Question: I am hoping you will be able to answer my question about the "Rx" that is used for prescriptions. I know that "Rx" stands for an actual Latin or Greek phrase. I would like to know the actual word or words that "Rx" stands for and the definition.

Answer: The symbol "Rx" used on prescriptions is really just an "R" with an "x" added or an "R" with a stroke made through its tail. The "x" or stroke, whichever is being used, seems to have no special meaning and was added originally just to avoid confusion. It signals that the "R" is in fact being used as an abbreviation and not in some other way. The use of such an identifying mark is not unique to this "R." Another example is the symbol for the British pound, which is really just an "L" with a line through it to signal that this particular "L" is being used to refer to the monetary unit.

The "R" in "Rx" is historically an abbreviation for the Latin word "recipe," the command form of the verb "recipere," which means "to take or receive." Our word "recipe" first meant "prescription" in the medical sense. Only later was it used in connection with cooking, though this meaning is of course much more common today.

Question: At a Superbowl party I attended, the question came up as to where the term "scrimmage" comes from. Can you shed any light on this?

Answer: "Scrimmage" is a 15th-century word altered from "skirmish" by transposing the "i" and "r" and muddling the "-ish" ending with "-age." There was a semi-muddled intermediate form "scrimish," attested a few times from the 16th century. The original meaning was the same as that of "skirmish." In the 18th century it came to mean any kind of noisy altercation, and as the word for a noisy and confused struggle it was a natural, in the 19th century, for use in Rugby football. The 19th century also saw a dialectal variant "scrummage" used for the "altercation" sense, and this variant was the one that stuck in rugby, where it has since been shortened to "scrum." American football adopted the term from rugby, but kept the older form "scrimmage." "Scrimmage" has subsequently been used in other American sports.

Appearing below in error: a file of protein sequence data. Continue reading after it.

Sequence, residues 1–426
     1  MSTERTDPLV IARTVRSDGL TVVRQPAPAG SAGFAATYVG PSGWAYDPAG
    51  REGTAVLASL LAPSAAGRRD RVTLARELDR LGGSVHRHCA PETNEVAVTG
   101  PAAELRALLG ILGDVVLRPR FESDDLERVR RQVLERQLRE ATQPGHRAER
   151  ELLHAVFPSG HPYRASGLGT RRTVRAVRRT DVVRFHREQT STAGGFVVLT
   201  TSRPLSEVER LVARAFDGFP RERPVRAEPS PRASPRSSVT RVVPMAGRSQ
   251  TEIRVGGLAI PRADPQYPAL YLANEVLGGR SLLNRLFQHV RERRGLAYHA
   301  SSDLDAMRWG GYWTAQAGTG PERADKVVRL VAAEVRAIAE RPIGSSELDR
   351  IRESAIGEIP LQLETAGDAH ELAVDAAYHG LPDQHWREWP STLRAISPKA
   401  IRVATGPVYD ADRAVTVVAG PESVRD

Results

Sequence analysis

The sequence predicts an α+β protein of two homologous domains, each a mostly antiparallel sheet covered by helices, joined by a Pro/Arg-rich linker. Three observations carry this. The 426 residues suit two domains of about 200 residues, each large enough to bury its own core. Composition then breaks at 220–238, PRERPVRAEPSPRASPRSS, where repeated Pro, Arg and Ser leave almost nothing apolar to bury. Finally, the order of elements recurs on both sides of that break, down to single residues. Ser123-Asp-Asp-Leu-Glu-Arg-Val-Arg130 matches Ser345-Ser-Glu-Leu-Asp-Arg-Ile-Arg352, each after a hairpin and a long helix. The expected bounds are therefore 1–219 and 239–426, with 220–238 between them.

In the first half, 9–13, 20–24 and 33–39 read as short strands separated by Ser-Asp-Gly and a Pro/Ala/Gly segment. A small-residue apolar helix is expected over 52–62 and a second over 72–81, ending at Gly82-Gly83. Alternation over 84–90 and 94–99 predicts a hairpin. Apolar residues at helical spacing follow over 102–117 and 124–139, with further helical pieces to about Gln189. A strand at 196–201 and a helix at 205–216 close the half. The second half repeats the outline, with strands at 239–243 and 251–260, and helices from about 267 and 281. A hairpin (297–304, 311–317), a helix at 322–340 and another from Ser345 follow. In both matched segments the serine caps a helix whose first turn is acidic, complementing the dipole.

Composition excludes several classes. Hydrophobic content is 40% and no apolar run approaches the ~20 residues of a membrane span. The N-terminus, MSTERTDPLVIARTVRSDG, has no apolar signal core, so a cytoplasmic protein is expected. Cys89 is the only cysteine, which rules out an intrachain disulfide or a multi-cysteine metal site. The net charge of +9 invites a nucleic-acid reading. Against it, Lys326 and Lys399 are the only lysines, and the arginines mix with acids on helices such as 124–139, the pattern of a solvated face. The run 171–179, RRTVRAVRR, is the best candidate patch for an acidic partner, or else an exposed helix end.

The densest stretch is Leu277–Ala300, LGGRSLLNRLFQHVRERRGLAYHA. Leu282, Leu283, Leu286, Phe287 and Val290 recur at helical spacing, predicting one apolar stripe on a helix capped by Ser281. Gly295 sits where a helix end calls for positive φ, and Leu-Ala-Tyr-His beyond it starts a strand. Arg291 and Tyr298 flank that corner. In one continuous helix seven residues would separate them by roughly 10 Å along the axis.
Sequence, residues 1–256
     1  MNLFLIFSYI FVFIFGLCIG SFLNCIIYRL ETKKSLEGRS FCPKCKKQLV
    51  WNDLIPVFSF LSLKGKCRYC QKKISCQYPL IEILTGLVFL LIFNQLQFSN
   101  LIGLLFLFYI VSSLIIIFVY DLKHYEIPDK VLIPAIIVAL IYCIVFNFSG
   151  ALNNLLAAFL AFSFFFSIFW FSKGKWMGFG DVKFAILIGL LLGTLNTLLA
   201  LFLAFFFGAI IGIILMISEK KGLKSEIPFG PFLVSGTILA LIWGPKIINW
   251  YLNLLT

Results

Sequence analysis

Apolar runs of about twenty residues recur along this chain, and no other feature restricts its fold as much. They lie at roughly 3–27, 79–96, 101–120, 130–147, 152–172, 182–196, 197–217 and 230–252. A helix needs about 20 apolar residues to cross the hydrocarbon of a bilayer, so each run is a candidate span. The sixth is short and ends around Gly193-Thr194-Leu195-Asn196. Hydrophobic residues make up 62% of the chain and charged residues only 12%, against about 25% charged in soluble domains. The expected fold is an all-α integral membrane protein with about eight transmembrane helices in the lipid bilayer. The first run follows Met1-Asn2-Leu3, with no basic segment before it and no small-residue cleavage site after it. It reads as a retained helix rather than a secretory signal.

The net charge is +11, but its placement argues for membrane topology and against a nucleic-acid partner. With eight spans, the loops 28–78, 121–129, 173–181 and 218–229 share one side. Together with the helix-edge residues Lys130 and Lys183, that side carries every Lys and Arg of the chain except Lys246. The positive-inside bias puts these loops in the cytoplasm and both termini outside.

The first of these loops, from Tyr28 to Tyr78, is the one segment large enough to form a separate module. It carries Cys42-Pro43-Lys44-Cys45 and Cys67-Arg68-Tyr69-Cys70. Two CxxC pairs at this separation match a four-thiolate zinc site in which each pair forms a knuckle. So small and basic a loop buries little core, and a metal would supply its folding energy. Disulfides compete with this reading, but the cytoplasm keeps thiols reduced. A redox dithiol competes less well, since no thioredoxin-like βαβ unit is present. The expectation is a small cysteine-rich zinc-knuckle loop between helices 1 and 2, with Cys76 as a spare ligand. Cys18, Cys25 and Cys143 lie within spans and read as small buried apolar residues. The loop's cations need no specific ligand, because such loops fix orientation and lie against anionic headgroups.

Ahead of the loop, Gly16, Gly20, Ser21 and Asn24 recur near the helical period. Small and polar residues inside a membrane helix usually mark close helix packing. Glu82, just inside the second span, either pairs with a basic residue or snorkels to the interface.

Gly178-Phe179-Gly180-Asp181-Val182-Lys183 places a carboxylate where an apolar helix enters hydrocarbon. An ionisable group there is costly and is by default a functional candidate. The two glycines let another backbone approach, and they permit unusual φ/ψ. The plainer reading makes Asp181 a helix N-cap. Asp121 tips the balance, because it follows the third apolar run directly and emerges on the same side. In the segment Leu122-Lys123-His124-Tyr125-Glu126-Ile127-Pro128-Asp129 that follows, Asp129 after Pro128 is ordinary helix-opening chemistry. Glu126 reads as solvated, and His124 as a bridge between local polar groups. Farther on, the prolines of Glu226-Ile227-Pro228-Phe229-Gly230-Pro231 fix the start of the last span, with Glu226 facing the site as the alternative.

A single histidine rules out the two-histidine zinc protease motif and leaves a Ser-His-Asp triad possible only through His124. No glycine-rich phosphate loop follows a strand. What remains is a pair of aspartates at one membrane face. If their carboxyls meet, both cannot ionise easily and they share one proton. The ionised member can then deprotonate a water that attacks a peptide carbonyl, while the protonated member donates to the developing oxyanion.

Question: I attended several parties over the holidays at which canapes were served as hors d'oeuvres. I looked "canape" up later in my dictionary and found that the word comes from the Latin for "mosquito net." How did we get from mosquito nets to cheese on crackers?

Answer: A mosquito was called "konops" in ancient Greek, and a couch hung with curtains for protection against mosquitoes was a "konopion." This word for the piece of furniture was borrowed by the Romans as "conopeum" and eventually made its way from Medieval Latin, where it was found in the form "canopeum," into Middle English as "canope" and French as "canape." The English and French have always seen things somewhat differently, and while the English attached the name to the covering curtain, now spelled "canopy," the French attached it to the couch it covered. Later, a piece of bread or toast topped with some savory food was felt to resemble a couch or sofa, and the French "canape" gained a new meaning. We have borrowed the appetizer and the name from the French.

This column was prepared by the editors of Merriam-Webster's Collegiate Dictionary, Tenth Edition. Send questions to: Merriam-Webster's Wordwatch, P.O. Box 281, 47 Federal Street, Springfield, Mass. 01102.